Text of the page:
U.S. District Court for the Eastern District of Louisiana

The plaintiff, Callen Cortez, alleged that he was exposed to asbestos during his employment at the Avondale Shipyards from 1969 to 1974, which included riding to and from work with other Avondale employees on a labor bus. Cortez was diagnosed with mesothelioma in June 2020, and field suit against numerous defendants, including Huntington Ingalls, Inc., the successor to Avondale, in the Civil District Court for the Parish of Orleans. Cortez’s complaint alleged failure-to-warn and other negligence claims against Avondale. During his discovery deposition, Cortez testified that he worked primarily at Avondale’s Westwego Yard and traveled to and from work on a labor bus with Avondale employees every day. He specifically recalled riding the bus with a gentleman who went by the name “Black Reulet.”

Avondale removed the case to federal court under the Federal Officer Removal Statute (2 U.S.C. § 1442). Avondale submitted evidence suggesting that “Black Reulet” was Pierre Helton Reulet, a ship fitter on three U.S. Coast Guard Cutters built at the Westwego Yard in 1970. In its notice of removal, Avondale argued that Cortez was therefore exposed to asbestos as a result of its contracts to build vessels on behalf of the United States, and as such, the Federal Officer Removal Statute entitled it to litigate the case in federal court. The plaintiff moved to remand the case back to state court.

With regard to the timeliness of Avondale’s removal, the court found that Avondale’s receipt of Cortez’s deposition transcript provided, for the first time, information suggesting that the matter was removable under the Federal Officer Removal Statute, and started the 30-day removal clock. That is, it was only after Cortez’s deposition that Avondale learned that he worked at Avondale’s Westwego Yard and rode to and from work with Reulet on the labor bus. As such, Avondale’s removal within 30 days of receiving Cortez’s deposition transcript was timely.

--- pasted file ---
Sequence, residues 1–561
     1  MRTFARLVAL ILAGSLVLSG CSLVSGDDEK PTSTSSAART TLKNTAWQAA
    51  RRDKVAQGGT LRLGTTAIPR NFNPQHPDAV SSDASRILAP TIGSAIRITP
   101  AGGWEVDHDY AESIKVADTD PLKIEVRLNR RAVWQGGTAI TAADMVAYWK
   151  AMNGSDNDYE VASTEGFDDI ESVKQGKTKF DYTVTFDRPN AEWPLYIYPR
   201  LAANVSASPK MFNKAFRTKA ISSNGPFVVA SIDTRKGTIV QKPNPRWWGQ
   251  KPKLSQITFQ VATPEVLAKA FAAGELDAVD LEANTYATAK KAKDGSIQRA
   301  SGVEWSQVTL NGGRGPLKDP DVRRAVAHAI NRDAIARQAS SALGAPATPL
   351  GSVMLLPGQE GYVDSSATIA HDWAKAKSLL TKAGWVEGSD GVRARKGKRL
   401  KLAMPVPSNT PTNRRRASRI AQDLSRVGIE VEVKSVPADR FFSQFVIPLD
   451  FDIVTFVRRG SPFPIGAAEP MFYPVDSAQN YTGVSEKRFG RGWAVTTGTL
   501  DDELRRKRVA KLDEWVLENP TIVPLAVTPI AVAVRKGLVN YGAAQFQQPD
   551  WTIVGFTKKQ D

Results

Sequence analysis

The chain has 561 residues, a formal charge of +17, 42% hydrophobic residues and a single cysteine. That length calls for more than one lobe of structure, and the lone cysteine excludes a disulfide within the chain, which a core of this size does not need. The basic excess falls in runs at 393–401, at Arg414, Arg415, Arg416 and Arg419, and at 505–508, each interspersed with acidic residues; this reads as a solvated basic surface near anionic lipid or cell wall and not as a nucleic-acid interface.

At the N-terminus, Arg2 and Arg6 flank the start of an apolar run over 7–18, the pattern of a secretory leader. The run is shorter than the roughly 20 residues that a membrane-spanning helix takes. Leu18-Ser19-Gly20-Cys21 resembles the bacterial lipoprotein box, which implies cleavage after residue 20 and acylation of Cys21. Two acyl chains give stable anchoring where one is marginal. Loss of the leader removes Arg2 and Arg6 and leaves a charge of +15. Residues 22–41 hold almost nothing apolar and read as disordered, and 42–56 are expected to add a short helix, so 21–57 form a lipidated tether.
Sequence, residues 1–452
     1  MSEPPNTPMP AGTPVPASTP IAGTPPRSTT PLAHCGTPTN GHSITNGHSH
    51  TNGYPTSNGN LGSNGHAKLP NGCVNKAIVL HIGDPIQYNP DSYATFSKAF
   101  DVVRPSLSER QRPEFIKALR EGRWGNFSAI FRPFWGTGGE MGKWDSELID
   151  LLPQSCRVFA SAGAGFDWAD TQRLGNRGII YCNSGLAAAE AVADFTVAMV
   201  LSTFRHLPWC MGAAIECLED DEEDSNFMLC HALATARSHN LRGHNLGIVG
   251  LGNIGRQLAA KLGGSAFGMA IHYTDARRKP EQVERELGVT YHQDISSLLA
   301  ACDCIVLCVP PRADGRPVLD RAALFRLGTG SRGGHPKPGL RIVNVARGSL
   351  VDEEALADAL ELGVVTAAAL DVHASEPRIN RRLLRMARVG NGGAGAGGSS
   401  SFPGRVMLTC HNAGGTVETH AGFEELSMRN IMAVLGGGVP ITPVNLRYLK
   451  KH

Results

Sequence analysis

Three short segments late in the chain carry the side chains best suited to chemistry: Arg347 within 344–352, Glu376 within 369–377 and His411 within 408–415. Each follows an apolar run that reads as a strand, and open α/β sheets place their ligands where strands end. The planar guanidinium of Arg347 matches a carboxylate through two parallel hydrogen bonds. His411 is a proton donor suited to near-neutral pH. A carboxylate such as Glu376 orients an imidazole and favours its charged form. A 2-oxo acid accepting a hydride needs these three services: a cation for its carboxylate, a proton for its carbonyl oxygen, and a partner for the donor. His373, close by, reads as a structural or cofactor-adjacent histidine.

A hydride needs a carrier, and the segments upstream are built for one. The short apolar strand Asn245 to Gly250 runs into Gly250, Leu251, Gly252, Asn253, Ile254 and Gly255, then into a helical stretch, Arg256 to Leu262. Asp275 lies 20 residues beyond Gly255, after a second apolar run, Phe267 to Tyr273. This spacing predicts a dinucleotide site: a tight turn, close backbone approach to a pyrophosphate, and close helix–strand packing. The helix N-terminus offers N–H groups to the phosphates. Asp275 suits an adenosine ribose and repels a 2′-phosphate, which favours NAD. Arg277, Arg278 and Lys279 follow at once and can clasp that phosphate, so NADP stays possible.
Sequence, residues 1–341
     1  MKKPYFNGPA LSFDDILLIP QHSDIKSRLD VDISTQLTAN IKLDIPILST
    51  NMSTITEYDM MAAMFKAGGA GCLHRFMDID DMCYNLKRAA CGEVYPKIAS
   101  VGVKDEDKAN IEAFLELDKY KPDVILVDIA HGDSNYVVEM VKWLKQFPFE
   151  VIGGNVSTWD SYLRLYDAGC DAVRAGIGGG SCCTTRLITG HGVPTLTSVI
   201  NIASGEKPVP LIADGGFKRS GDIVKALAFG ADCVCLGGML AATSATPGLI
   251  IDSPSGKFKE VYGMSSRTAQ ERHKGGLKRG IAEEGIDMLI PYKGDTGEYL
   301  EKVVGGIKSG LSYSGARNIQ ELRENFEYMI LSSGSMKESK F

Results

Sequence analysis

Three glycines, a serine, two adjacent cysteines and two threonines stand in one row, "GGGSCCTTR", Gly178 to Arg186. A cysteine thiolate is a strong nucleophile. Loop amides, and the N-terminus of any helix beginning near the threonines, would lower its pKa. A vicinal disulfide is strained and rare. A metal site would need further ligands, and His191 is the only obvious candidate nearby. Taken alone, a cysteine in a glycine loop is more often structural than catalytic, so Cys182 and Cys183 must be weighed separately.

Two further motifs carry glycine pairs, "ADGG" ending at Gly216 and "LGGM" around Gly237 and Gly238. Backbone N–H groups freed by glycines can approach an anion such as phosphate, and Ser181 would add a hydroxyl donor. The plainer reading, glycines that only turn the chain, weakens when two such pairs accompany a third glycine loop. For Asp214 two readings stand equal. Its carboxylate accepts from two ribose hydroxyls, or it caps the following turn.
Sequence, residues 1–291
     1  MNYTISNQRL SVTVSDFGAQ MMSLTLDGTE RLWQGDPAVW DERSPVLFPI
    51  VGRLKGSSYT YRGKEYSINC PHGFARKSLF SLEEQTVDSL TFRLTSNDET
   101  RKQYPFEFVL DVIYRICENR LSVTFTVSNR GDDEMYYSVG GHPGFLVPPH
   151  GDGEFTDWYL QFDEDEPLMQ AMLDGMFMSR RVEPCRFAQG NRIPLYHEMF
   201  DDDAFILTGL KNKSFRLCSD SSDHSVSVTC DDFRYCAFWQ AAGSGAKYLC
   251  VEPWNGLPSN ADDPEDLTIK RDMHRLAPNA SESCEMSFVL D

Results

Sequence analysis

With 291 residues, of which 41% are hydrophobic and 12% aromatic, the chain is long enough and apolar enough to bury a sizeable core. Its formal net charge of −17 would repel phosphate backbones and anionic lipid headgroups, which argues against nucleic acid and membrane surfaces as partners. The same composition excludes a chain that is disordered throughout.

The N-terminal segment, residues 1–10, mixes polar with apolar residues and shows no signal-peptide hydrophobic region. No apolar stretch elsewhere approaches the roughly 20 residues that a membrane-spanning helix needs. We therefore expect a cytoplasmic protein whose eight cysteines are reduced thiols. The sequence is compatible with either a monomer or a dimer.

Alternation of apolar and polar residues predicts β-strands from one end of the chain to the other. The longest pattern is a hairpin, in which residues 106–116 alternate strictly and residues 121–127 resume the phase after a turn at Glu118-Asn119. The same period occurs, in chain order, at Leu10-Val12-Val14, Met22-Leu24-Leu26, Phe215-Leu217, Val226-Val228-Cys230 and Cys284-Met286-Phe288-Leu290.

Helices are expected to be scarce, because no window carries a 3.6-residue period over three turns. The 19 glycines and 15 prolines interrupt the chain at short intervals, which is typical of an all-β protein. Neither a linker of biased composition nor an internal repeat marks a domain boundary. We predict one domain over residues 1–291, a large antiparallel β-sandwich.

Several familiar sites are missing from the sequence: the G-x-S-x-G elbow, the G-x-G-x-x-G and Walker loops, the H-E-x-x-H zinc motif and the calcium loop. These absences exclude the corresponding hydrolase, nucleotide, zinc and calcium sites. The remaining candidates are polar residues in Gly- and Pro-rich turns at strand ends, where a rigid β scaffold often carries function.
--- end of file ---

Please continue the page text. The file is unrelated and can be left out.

As to the substantive arguments on the Federal Office Removal, which requires a defendant to show the following: (1) that it has asserted a colorable federal defense; (2) that it is a “person” within the meaning of the statute; (3) that it has acted pursuant to a federal officer’s directions; and (4) that the charged conduct is connected or associated with an act pursuant to a federal officer’s directions, the court took each element in turn. First, the court held that Avondale had asserted a colorable federal defense to the failure-to-warn claim, given evidence submitted that the United States specified the subject work with asbestos-containing products, inspected such work, and that the government had sophisticated knowledge regarding the potential hazards of asbestos. Next, the court held plainly that Avondale was a “person” within the meaning of the Federal Officer statute, as numerous federal courts have so held. Third, the court found that Avondale had acted “pursuant to a federal officer’s directions” through evidence that the United States specified the use of asbestos on the three Cutters at the Westwego Yard, and that Avondale complied with federal law during Cortez’s employment. Finally, the court held that Avondale submitted sufficient evidence to show that its conduct was “connected to or associated with an act pursuant to a federal officer’s directions,” as the evidence submitted showed that at the time of Cortez’s employment, Avondale was building three U.S. Coast Guard Cutters at the Westwego Yard, and the federal government required Avondale to construct those vessels with asbestos-containing materials.

Noting that the Federal Officer Removal Statute must be liberally construed, the court therefore concluded that Avondale had satisfied the requirements of the statute, and therefore denied Cortez’s motion to remand the case to state court.